- (Focus Area) Environment
Between PG&E's public safety power shutoffs and a lack of precipitation, October was an interesting month for foothill ranchers. Many areas received a germinating rainfall in mid-September; most of that new grass withered in an October that saw only 0.02 inches of rain in Auburn. And while many operations are used to having irrigation water turned off in mid-October, the lack of rain and multiple blackouts by PG&E made getting drinking water to livestock a challenge. Last week, I sent a survey to area ranchers to help get a handle on the impacts from the public safety power shutoffs. While I'm still collecting data (if you're a rancher and have not yet participated in the survey, click on this link: http://ucanr.edu/oct19livestockwatersurvey), I wanted to share some preliminary results.
To date, 39 people have completed the survey. Most respondents receive water from the Nevada Irrigation District; an equal number use groundwater. Many operations use water from more than one source. Most of the operations responding are in Placer County, although a number of operations raise livestock in more than one county. Of those responding, 41 percent purchase winter water from their water district(s).
Here are more details on the responses so far:
If you haven't yet participated in this survey, go to this link: http://ucanr.edu/oct19livestockwatersurvey/span>
Warning: the video link in this blog post includes images of a sheep killed by a coyote.
This story begins several weeks back. We split our ewe flock into two breeding groups in late September, and kept a third group (of replacement ewe lambs, who won't be bred until next fall) separate. With three groups of sheep, we felt like we needed to put our youngest livestock guardian dog (10-month-old Dillon) with the lambs. He had been with a handful of lambs at our home place, and seemed to be fine - a bit exuberant (as puppies can be), but fine.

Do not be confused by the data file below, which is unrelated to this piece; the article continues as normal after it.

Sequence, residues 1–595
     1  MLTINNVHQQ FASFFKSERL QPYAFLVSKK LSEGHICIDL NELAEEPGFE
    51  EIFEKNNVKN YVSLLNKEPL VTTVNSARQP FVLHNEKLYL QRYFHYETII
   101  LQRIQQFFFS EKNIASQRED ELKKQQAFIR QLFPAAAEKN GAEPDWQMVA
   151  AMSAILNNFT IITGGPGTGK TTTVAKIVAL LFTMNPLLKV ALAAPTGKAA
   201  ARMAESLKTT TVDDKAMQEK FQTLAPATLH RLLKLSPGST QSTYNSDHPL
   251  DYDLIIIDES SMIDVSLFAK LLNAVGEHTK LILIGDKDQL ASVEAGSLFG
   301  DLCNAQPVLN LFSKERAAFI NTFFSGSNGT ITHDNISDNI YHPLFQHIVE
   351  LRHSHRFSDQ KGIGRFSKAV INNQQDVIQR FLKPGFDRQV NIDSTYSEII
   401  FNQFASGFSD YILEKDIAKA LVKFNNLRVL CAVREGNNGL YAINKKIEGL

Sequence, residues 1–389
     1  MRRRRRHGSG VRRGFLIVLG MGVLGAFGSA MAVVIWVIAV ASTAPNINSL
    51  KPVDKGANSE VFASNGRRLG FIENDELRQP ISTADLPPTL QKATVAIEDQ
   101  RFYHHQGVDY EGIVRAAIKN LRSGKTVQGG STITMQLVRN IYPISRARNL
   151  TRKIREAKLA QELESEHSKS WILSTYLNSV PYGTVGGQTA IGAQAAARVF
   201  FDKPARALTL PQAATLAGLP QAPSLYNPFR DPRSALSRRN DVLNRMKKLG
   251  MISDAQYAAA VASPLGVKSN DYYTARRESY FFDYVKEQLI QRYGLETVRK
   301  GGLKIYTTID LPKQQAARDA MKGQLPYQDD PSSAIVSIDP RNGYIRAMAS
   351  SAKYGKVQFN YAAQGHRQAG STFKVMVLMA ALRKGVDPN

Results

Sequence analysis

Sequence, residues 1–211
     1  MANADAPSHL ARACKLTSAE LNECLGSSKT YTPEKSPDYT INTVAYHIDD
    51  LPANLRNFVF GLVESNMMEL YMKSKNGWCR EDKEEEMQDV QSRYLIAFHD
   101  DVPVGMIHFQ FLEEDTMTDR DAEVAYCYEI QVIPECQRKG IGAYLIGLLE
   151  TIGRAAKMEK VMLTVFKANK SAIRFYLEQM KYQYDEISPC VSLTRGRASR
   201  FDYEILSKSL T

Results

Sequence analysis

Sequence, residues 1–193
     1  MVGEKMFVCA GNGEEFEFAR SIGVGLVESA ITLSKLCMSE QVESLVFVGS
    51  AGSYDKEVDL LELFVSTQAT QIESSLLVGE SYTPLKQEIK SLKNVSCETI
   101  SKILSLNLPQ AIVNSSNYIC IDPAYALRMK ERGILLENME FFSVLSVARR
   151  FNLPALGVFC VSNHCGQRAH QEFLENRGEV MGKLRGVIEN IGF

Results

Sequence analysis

A week into this situation, we noticed that one of the lambs had a chewed ear. We've had young dogs that occasionally chewed on ears, so we weren't too worried. In the next several days, four more lambs were injured, several seriously. We decided to put Dillon with a group of older ewes and rams.
His inappropriate behavior continued - and escalated. He began chasing sheep, which culminated with a ewe that became tangled in the electronet and died. We brought Dillon home (and put a "dangle stick" on his collar to make chasing sheep uncomfortable). The older dog went back with the breeding group, and we left the ewe lambs protected only by electric fence.
Fast-forward to this week. On Wednesday, we moved the lambs to a new paddock partly enclosed by electro-net fencing, partly by hard-wire sheep fence. On Thursday morning, we found a dead lamb in the paddock.
The rancher part of me was upset - we would expect this ewe lamb to grow up to produce five or six sets of lambs. The farm advisor part of me decided that this was an educational opportunity - I wanted to learn how to tell what kind of predator had killed the lamb.
I made a quick call to our local wildlife specialist (in Placer County, these folks work for the county - in other areas, county trappers are employed by USDA Wildlife Services). He looked a a few photos and said, "That looks like a coyote." He also told me how to investigate the carcass to know for sure.
You might wonder, why would this matter? The lamb was dead. As a rancher, I wanted to know what I was dealing with! Coyotes can get through a 4x6 inch hole; mountain lions can go over most fences. Mountain lions are protected by the State of California; coyotes, at the moment, are not. As a scientist, I was inherently curious. I wanted to know the differences between coyotes and mountain lions in terms of predatory behaviors.